I once threw a four-cushion couch off a third-story back porch (with a friend of mine), giving it a lot of loft, and accompanied by animalistic screams, just to see what would happen. It made a GREAT dent in the yard, but broke into far fewer pieces than we hoped for.

What have you done, just to see what would happen?

Sunday, October 02, 2005

Five Idiosyncracies

I've been tagged by Julie at Happy Catholic to list five things that I think are special to me, that would blow my cover if I was placed in the Witness Protection Program:

1. Like her, I read all the time. While cooking, while I'm in the bathroom, sitting in a doctor's waiting room, anywhere. Every single night before I go to bed, propped up on my "reading pillow." I have piles of books next to my bed, but I don't care what it is I read. I like the cr--shoot of picking up whatever's handy, because I don't usually have anything with me. I can get absorbed in Business Practices for Dermatologists or Fishing Digest, I don't care.

2. I know all the lyrics to millions of songs, including commercials, operetta, folk and Girl Scout songs. Once I get them down, I don't lose them, except a word here or there. I can't help it. I can even sing lyrics in other languages, phonetically, like those little Japanese child choirs that used to show up on the Ed Sullivan show - "I vant to beee hoppy buttai kent beee hoppy..." I will sing to the music in grocery stores quietly or in the car loudly. With gestures.

3. I adore card, board and trivia games, but I am almost unpleasantly competitive. I am happy if you win, but I am much happier if I win. I will do little victory sambas on my way to and from the kitchen to get you more snacks or another drink. Ruthless but hospitable.

4. My feet are never covered when I sleep. If they were, I would burst into flames. They're my temperature regulators.

5. Whenever I make soup, no matter if it's beef or sausage or chicken, it all comes out tasting the same. I make Therese Z soup, apparently. It's not bad, it just isn't very....varied.

Okay, go for it, my friend Justin at Thirsty and my blogsister Roz at your other blog In Dwelling.

Saturday, October 01, 2005

Bonne fete du Saint Therese! *

I don't like telling people when it's my birthday, it seems grabby, but I sure don't mind celebrating the feast day of my patron saint, St. Therese of Lisieux. Happy Feast Day to all us Thereses, Theresas, Tereses, Teresas, Terrys, Terris, and Teris!

For our (few) non-Catholic readers, a Saint's feast day is the day they died, because what greater day to celebrate than the day they met the Lord?

It took me awhile to get used to her utter childlike abandonment of love to her Heavenly Father, and her Victorian writing style. She wants to be the ball the Child Jesus plays with....that takes a little getting used to.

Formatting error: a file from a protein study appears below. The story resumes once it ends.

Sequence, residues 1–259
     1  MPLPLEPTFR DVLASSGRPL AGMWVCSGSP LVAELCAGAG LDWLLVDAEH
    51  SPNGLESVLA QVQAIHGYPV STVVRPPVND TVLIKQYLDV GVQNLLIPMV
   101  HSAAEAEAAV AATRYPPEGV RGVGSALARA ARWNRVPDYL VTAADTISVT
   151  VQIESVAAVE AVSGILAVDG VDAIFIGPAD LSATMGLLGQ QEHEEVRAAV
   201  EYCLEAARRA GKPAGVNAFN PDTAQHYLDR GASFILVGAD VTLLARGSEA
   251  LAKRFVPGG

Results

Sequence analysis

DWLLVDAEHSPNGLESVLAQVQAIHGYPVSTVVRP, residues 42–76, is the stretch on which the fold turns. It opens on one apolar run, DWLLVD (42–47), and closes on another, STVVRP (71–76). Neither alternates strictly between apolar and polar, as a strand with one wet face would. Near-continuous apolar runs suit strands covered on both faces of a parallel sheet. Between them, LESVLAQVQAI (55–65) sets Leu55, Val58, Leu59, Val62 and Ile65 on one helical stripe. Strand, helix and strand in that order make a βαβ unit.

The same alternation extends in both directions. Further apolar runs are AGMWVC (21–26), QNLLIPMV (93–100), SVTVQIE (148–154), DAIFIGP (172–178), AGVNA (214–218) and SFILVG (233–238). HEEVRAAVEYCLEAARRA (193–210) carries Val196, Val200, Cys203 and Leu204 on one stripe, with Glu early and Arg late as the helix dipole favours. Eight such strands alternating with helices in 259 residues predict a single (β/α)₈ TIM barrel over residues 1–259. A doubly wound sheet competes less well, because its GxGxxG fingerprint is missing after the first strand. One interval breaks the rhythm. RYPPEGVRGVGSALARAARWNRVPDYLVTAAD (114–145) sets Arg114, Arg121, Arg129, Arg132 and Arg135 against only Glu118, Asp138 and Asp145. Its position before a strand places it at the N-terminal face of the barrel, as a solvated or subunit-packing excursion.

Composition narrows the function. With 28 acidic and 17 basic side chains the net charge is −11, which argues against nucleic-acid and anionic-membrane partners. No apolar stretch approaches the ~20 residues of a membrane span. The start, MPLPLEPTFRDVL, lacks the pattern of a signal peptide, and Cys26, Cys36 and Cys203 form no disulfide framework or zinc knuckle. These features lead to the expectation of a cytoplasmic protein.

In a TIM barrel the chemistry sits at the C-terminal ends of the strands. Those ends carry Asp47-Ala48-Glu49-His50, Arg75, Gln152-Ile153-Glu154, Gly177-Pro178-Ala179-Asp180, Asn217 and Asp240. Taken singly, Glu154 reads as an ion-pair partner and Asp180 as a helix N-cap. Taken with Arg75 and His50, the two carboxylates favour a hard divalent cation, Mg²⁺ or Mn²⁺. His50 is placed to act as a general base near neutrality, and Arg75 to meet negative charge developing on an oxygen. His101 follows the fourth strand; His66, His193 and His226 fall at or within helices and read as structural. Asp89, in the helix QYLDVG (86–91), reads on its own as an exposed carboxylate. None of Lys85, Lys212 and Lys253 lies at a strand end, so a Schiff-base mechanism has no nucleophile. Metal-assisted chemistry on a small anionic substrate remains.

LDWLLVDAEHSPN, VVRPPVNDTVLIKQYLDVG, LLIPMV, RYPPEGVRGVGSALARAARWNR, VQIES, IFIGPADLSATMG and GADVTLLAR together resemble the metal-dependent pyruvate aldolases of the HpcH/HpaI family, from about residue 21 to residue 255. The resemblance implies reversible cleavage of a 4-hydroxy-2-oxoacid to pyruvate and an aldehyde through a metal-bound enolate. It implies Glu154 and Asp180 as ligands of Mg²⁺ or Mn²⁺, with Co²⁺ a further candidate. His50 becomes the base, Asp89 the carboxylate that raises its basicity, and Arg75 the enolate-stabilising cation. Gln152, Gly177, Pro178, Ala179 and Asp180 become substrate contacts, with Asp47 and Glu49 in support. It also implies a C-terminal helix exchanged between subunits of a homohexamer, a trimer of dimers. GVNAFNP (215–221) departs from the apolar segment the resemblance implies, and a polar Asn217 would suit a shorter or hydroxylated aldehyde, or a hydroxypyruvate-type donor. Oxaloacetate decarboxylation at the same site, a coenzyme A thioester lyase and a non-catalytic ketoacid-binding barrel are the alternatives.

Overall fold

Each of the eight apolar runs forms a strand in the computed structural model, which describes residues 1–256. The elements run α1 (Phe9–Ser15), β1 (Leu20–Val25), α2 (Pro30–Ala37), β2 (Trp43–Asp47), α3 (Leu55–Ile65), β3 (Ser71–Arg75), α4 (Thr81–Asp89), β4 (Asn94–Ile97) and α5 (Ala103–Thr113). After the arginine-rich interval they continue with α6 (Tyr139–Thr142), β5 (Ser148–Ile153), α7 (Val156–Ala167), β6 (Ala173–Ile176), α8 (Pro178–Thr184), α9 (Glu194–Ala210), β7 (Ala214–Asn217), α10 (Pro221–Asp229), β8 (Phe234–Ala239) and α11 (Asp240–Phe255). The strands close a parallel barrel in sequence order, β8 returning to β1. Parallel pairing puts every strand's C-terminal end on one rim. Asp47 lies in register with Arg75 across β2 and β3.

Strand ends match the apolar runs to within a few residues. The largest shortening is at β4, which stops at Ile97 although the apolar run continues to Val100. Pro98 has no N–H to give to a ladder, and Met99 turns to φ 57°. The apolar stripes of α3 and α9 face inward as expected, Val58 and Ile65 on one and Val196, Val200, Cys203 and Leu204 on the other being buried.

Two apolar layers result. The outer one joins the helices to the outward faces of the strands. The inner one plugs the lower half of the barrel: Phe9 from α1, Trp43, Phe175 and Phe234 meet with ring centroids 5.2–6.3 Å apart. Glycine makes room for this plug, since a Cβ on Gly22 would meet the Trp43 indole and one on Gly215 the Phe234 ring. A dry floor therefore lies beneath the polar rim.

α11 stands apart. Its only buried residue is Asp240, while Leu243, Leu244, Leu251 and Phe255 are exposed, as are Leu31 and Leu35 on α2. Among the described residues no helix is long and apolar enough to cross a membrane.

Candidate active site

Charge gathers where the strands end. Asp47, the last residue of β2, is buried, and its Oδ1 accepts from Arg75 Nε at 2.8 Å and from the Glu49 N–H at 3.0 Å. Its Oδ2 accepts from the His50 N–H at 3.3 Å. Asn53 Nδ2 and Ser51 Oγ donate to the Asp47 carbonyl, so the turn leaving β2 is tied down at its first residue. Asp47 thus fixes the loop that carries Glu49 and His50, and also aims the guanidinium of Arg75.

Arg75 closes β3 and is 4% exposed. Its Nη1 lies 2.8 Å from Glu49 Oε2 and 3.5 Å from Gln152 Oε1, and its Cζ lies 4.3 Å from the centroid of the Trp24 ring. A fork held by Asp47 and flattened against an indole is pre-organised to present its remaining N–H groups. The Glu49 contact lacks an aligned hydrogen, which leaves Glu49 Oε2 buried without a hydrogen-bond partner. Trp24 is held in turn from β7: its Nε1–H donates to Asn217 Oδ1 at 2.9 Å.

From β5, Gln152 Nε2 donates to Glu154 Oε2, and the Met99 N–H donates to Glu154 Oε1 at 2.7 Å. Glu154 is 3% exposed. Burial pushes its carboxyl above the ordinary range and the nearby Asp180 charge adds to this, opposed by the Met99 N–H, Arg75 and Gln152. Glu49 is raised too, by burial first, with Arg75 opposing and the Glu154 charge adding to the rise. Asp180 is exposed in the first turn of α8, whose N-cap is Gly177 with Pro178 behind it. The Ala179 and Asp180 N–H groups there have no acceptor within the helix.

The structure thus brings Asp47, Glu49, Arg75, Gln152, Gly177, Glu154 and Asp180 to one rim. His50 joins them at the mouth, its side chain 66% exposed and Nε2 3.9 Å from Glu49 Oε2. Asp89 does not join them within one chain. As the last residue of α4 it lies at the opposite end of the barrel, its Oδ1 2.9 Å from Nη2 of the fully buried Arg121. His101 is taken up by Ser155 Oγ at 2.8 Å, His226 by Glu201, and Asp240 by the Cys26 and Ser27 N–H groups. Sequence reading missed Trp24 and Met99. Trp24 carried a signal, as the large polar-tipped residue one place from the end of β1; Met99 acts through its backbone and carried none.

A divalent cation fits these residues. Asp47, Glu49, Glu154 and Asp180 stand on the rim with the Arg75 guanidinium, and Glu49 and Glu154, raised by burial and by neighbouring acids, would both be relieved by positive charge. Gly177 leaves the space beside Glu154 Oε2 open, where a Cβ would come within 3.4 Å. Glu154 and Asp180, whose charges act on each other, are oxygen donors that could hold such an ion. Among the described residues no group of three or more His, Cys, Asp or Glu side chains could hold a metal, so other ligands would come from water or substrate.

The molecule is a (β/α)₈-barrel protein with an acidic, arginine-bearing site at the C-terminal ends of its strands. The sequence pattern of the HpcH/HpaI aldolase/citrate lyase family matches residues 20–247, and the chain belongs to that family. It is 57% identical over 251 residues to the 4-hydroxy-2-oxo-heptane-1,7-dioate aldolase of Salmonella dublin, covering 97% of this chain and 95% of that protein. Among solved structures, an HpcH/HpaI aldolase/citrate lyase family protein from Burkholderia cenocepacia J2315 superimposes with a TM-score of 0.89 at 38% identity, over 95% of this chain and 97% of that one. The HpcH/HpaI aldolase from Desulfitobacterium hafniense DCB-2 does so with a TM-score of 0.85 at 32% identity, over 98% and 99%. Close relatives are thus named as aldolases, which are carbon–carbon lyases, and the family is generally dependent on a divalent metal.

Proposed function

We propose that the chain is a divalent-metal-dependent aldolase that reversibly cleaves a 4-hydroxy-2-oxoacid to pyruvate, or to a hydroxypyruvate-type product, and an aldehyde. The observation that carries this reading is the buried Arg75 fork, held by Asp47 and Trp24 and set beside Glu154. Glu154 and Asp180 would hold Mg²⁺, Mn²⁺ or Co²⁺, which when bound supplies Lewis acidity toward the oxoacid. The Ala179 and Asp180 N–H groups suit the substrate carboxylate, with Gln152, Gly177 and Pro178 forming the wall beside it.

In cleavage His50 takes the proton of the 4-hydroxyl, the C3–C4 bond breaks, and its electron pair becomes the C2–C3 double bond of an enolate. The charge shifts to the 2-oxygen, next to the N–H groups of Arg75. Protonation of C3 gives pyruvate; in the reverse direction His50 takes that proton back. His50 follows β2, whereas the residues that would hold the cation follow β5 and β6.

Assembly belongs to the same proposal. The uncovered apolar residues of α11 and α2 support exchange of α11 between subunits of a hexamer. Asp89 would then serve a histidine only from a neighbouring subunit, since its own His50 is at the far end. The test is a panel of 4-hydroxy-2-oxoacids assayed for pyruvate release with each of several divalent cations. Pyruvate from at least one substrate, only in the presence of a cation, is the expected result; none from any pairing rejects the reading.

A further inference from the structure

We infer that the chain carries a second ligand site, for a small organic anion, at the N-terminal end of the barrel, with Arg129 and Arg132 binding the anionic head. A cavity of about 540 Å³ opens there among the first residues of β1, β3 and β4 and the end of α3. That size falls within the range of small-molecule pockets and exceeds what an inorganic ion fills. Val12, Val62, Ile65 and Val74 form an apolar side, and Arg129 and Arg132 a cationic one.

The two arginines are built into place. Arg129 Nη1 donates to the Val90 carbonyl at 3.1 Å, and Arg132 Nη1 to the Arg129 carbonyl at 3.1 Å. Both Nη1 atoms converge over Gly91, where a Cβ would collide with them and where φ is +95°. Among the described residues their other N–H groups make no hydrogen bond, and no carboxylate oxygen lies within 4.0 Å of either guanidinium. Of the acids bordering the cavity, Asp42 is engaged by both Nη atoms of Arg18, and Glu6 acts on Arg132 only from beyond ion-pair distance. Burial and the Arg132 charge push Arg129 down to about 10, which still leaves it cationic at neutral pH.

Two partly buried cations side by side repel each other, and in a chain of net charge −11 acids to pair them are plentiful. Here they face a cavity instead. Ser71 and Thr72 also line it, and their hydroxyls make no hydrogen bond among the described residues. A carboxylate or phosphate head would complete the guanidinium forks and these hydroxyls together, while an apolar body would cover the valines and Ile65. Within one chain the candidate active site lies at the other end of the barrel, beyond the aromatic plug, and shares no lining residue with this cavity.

But there is a womanly understanding of love, complete trust in God, and even a motherly reaction to the slights of the world, absorbing the little hurts and crosses, for the glory of God and the good of His children, that becomes apparent when you read and re-read her autobiography The Story of a Soul. I may have given this advice last year, but if you haven't read it, or haven't read it lately, consider doing it this way: the book is in three parts. Read Part II, Part III and THEN Part I. I couldn't get through the first part the first couple times I tried it, too late-1890's-sweet. But when I started in the middle and then came back around home plate, I got it. I got her "childishness" as simplicity, hard-bought simplicity, pared-clean submission and trust.

There is a tradition of asking St. Therese for a rose. She may grant you one in the next week or ten days. I asked once, long ago, and got one, sort of. I didn't ask again, fearing superstition. But I asked again two days ago and I'm looking for a rose, understanding, I think, that the Saints in Heaven can act on earth, only with the consent and power of God. I'll let you know if it shows up, and I've promised the Lord and St. Therese to have faith no matter what happens.

Eat French food in honor of the day. Or at least French fries!

From her Act of Oblation to Merciful Love:

In the evening of this life, I shall appear before You with empty hands, for I do not ask You, Lord, to count my works. All our justice is stained in Your eyes. I wish, then, to be clothed in Your own Justice and to receive from Your Love the eternal possession of Yourself. I want no other Throne, no other Crown but You, my Beloved!

* I most emphatically do not speak or write or read French. I tinkered this together with Babelfish. Please fix it in comments, if you would. Merci.

Thursday, September 29, 2005

That Fig Tree Moment

Today's Gospel was John 1:47-51, and I presume it was chosen because of its reference to angels, today being the great feast of the Archangels:

Jesus saw Nathan'a-el coming to him, and said of him, "Behold, an Israelite indeed, in whom is no guile!"
Nathan'a-el said to him, "How do you know me?" Jesus answered him, "Before Philip called you, when you were under the fig tree, I saw you."
Nathan'a-el answered him, "Rabbi, you are the Son of God! You are the King of Israel!"
Jesus answered him, "Because I said to you, I saw you under the fig tree, do you believe? You shall see greater things than these."
And he said to him, "Truly, truly, I say to you, you will see heaven opened, and the angels of God ascending and descending upon the Son of man."